A few days ago the U.S. Justice Department filed its long awaited antitrust case against Google that raised a few eyebrows. My not-a-lawyer opinion is that in and by itself is pretty weak case and goes searching for a problem. It accuses Google of having a monopoly of the Search engine market in the U.S., and not not elsewhere even though in some European countries Google’s quota of search market is nearly 100%.
The case I’m sure has some political undertones that, as a non American, I won’t really pretend to understand or Euro-explain. Many readers will know best about that according to my subscriber stats… so, here’s American Nilay Patel, also a lawyer, explaining in non-legalese what I mean:
The U.S. Government says (in 64 pages) that Google search engine is too big, and that it pays other companies to stay big.
For years, Google has entered into exclusionary agreements, including tying arrangements, and engaged in anticompetitive conduct to lock up distribution channels and block rivals. Google pays billions of dollars each year to distributors — including popular-device manufacturers such as Apple, LG, Motorola, and Samsung; major U.S. wireless carriers such as AT&T, T-Mobile, and Verizon; and browser developers such as Mozilla, Opera, and UCWeb
Google has thus foreclosed competition for internet search. General search engine competitors are denied vital distribution, scale, and product recognition—ensuring they have no real chance to challenge Google. (…)
I really don’t think Google is abusing the market of search engines, I think switching search engines is easy, convenient and everybody can do it in a matter of seconds. Chrome even allows for several search engines working at the same time.
Google has really shady issues in the Android-Chrome-AdWords trifecta that I really don’t understand why the American Justice Department is going after this.
I thought this was apple.substack.com, why are we talking about Google?
One minute, please. Here’s another American, Ben Thompson, explaining what I find most interesting about the case:
From one perspective, the fact that Google has to pay so much to Apple is evidence that there is competition in the market. From another perspective, the fact that Apple can extract so much money from Google is evidence that it is Apple that has monopoly-like power over its value chain. A third perspective — surely the one endorsed by the Justice Department — is that the fact that Google values the default position so highly is ipso facto evidence that default position matters.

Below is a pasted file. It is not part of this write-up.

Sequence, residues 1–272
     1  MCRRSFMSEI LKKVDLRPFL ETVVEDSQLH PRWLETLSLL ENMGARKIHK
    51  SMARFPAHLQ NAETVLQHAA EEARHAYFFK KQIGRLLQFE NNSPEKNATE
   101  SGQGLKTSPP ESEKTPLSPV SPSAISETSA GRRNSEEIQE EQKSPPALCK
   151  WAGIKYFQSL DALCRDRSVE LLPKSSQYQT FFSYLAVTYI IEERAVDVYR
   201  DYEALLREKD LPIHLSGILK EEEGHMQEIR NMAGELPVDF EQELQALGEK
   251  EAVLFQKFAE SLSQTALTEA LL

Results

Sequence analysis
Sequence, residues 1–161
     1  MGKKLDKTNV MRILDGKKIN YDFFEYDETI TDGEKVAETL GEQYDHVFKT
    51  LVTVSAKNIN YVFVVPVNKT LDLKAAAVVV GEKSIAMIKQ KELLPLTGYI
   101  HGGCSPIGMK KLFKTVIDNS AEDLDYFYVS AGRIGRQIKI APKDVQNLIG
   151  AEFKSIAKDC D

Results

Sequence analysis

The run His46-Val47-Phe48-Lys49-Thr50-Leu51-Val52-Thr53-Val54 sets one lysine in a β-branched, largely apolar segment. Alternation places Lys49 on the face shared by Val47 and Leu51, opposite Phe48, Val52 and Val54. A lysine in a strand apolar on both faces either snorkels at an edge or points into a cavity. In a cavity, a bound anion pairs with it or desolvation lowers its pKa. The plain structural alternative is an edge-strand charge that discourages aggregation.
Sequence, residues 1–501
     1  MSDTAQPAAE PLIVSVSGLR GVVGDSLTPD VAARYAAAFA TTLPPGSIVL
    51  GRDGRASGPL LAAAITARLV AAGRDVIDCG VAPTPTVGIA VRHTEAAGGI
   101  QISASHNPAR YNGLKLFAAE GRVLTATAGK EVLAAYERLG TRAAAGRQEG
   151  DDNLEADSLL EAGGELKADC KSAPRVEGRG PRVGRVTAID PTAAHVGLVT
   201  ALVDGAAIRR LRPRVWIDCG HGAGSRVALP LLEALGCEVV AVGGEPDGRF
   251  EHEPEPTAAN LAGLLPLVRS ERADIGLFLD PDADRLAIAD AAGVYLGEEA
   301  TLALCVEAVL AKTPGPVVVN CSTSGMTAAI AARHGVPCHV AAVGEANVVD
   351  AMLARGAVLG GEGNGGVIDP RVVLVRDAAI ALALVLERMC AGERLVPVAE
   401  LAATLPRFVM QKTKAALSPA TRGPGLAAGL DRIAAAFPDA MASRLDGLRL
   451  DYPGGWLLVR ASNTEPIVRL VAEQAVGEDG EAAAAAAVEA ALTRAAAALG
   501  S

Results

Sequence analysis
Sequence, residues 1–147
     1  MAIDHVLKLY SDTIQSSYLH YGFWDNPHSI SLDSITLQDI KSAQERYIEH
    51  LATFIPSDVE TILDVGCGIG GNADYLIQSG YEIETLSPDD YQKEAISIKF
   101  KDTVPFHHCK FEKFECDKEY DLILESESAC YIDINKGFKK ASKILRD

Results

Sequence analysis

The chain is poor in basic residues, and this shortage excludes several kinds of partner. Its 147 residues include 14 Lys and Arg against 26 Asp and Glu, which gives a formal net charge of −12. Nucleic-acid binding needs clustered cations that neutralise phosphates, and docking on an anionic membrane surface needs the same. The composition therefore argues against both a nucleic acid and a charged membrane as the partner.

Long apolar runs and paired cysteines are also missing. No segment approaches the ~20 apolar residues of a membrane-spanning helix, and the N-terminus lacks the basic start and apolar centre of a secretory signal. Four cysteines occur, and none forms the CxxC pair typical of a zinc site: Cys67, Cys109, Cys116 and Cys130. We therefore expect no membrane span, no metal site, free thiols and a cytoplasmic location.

I suspect the true answer is a mixture of all three, with a dash of collusion
See? This is very smart thinking… but “collusion” is a super weird term. I wouldn’t use it because I don’t think there are actual meetings where C-level executives from both companies meet to discuss an agenda going forward. I think the Pichais and the Cooks are just intelligent enough to know what the other wants and gets. It’s more of an assistance. Google helps Apple, Apple helps Google.
Yeah, Apple could create its own search engine and what not… but in the meantime it gets “8 to 12 billion a year from Google”. A figure that the U.S. Government doesn’t say where it comes from, but probably the Goldman estimate from 2019.
Going back to the case, it really makes no sense:
Google is a far superior search engine by quality measures, as plenty of reports show. When European-based Android phones let the users choose search engine, they still pick Google.
You can easily switch search engines and use several in the same machine, unlike… certain app stores.
Google doesn’t block privacy measures. You can get the Google Search results with as many ad-blockers or privacy-settings as you want.
If Google has to Apple that many billions, is literally proof that the market forces are working. Microsoft could outmatch that. Apple could not take any money from anyone and let the user decide.
Why does Google pay Apple, then?
It forestalls adoption of competing search products that put a stronger focus on privacy (if at the cost of quality in results), so they don’t have a shortcut to challenge Google. They still can go with the Google Search-route of 1999-2004 of having a better product.
Brussels didn’t find that illegal, and I don’t think the U.S. judges will.
Maybe the payments refrain Apple from expanding Siri’s features in the longer term.
Why does Apple take the money, helping Google?
Apple gets money. — If the judges agree with the Government, Google will stop paying Apple (and others) and iPhone users will keep using Google. Thus the only thing that will change is that Apple will get fewer billions in pure profit every year.
Apple and Google aren’t really rivals, like Apple and Samsung or Xiaomi are. Always remember that Google services make Apple products better.
Apple gets one rival instead of more than one. If another company takes the above mentioned “shortcut” they could partner with a true rival and have unintended consequences. The most feared, in my opinion: an Android-based smartphone alternative popular but privacy-centric.
Does that make sense? I think it does. Thank you for reading.
Apple earnings come in a few hours. Let’s keep an eye on the 2021 guidance.